Every year in May, my neighborhood puts on a garage sale day where there are over a 100 garage sales on the same day - see map above. I am not in need of a new project but I have found bikes on this day in past - Takara's to be exact.
A lovely road bike that started off as a $25 garage sale find.
And a same day clean and flip city bike.
So even though I don't need a project bike it seems rude to pass up an opportunity that is served up on a platter - a 100 garage sales within a 3 mile radius of my house, how many have old dusty bikes? I am going to be picky though, only the right bike for the right price. And to insure I don't get stupid I only take $40 out of the ATM. I have too many current projects to be reaching for something that isn't a great deal. The neighborhood blog hosts a registration page for Sale day and folks who register can write a brief description of what they have to offer up. I find 4 targets from the list with Bicycle in the their write up including one that even said "Vintage bicycles".
Now I should probably state my own garage sale philosophy, IMHO a garage sale is an opportunity to get rid of stuff you no longer use and/or need that is taking up space in your abode, and as a bonus people will come to your house and PAY you for the right to haul away your unwanted stuff! No Goodwill or dump runs, they come to you and pay you! So you price things accordingly and you make a little scratch but more importantly people think its a great deal, want to buy it and take it away. Now if you come across an item or two you think have real value, you research it via google and list on Ebay or Craigslist rather than the garage sale. Again, that's just me and I am beginning to think my viewpoint is in the minority.
|80s something Schwinn World Sport step through|
Jeanna, aged 43 and mother of 2, watches the stocky gentleman in the ball cap walk away from her bike, " oh good " she thinks "he left, that was close, I've had Wanda the world sport since college and I told Brad (husband) he would put her out in this sale but I will be god damned if I am going to let her go for a song! He priced her at 25 bucks, really! as if my life history is worth 5 freaking lattes, but I snuck a one in front of the price -take that Brad!, I had some awesome times on Wanda and I will again!"
The next two places I check no longer have bikes including the one that advertised Vintage bikes, I guess the earlier bird gets the worm as we are only 40 minutes in, oh well. I again spot a bike in front of a sale and stop, first I wait while a coltish teen boy examines the bike with his dad but after they move on I wander over to take a look. Its a Cannondale, an H800, hmm not familiar with that model -I had a R800 road bike from Cannondale, anyway its been converted to a single speed and its priced at $100. It seems in nice shape but I don't need a ss, I am not into Aluminum anymore and its just not speaking to me. I am curious enough to do some research later, the H is for Hybrid - duh - and its Cannondale's cross training bike from the early 90s, when that was a thing. 1993 Catalog shot below, note the funky dropouts..
|the H series|
*STP = Seattle to Portland, an annual ride of about 200 miles.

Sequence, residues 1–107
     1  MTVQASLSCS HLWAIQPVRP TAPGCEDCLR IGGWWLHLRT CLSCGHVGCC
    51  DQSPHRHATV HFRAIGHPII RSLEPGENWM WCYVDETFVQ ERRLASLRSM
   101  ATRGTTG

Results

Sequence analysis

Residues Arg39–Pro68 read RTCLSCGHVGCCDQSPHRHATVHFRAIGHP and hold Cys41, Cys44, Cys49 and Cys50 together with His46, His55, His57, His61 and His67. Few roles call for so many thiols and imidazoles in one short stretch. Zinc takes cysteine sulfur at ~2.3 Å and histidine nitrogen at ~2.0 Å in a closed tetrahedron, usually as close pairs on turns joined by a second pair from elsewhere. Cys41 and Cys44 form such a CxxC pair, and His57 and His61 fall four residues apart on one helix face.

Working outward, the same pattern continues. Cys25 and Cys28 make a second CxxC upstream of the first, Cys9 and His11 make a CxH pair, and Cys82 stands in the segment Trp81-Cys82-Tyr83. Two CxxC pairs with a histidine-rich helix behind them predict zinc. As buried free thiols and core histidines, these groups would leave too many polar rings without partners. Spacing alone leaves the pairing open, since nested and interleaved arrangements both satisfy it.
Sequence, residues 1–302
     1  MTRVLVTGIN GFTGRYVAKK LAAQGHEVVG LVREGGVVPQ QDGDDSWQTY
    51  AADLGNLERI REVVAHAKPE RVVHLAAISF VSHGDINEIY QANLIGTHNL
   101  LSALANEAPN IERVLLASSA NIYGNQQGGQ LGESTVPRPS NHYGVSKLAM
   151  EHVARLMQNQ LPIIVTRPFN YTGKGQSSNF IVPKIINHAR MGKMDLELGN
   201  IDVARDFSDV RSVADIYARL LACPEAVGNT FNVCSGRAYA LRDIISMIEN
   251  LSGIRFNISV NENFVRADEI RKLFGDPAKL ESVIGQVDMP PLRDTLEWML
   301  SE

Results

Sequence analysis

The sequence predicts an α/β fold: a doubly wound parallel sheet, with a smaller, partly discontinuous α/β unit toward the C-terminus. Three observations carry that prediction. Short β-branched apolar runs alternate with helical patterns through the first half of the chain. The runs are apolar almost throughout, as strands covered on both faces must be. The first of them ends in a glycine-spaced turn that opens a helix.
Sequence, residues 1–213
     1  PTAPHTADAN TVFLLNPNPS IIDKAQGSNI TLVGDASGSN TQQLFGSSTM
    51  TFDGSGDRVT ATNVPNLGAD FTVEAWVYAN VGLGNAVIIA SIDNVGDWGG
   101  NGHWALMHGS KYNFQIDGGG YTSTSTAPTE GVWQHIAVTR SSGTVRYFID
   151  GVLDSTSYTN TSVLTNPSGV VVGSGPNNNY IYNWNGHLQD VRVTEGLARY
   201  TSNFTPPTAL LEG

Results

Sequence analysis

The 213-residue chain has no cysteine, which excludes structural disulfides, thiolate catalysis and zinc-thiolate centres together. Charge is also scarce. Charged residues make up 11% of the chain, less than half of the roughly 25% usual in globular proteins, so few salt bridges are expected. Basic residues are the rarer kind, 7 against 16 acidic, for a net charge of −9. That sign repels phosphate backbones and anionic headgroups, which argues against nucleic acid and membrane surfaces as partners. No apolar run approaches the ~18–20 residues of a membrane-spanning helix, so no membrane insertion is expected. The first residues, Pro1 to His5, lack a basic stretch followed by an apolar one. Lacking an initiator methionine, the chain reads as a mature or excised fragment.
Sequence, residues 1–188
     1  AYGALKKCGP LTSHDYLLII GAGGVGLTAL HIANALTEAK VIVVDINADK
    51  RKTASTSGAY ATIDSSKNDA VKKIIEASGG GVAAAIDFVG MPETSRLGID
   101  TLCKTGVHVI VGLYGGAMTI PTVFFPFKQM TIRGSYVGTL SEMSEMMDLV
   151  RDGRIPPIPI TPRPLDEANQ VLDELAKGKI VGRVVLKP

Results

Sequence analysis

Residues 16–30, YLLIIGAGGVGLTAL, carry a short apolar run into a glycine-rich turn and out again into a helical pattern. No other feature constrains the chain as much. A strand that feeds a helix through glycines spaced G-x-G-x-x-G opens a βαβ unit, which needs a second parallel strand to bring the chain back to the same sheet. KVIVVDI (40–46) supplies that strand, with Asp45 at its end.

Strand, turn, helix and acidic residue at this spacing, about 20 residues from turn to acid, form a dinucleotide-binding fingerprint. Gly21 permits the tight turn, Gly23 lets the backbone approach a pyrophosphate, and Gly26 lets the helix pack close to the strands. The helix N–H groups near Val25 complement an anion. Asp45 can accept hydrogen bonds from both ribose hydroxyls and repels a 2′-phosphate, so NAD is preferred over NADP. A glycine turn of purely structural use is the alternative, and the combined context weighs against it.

After the Cannondale, I went by my Daughters track meet to watch her run and was headed home when my ex texted me a tweet from the West Seattle blog, they were showing an old Schwinn Varsity still for sale, that was nice of her to think of me and since I had time and the address I swung by.
Dave, a successful marketing manager, shakes his head as the clueless man walks away from the bike he has out in his front yard. "I can't believe people don't know that old stuff is valuable! Don't people watch antiques road show or Ca$h in the attic? I'm sure its rare, I can't believe no one is buying this bike, maybe I priced it too low? Sarah keeps complaining about having to move it whenever she wants to get to something in the garage but I know its worth a mint!"
Down the street I see a couple more bikes, turns out to be a pair of beach cruisers, not really my thing so I move on but imagine this scenario...
Toby and Lisa were part of the great California exodus of the 80s and 90s, they had lived near Venice and rode beach cruisers all the time in the Southern California sun. When they settled in West Seattle they thought they would continue to ride along alki beach. They go once, its hilly here and you have to climb a big hill to get back home from the beach, and its cold! only 50 degrees out in May and it rains on them, the bikes go into the garage and stay there, only coming out for garage sale day.
As I am going home I again see bikes and circle back to check them out, upon closer inspection a mountain bike and fairly modern road bike, nothing of interest but as the friendly homeowner asks me how I'm doing, I spot a solo rear wheel and ask if he knows if its a free-wheel or cassette? he picks it up and reads the rim label "622 something" and hands me the wheel. I convert that ISO # to 700c, bike nerd style, and count the chain rings, 8, so likely a cassette, 8 speed FW's are out there but they are rare. I see its a Campy hub and out of curiosity ask him how much? He says a friend left it behind in the garage and he's not sure what to ask, clearly wanting me to make an offer. My brain does some quick calculations, I could throw out 20 bucks, he could say yes, maybe I clean it up and sell it for $40....but I don't know much about campy beyond the basics, I have no sense of the market and I am trying to get rid of clutter not add to it, so I hand him back the wheel and wish him good day.
I arrive back home with an empty bike rack, maybe next year. As always Ride.Smile.Repeat.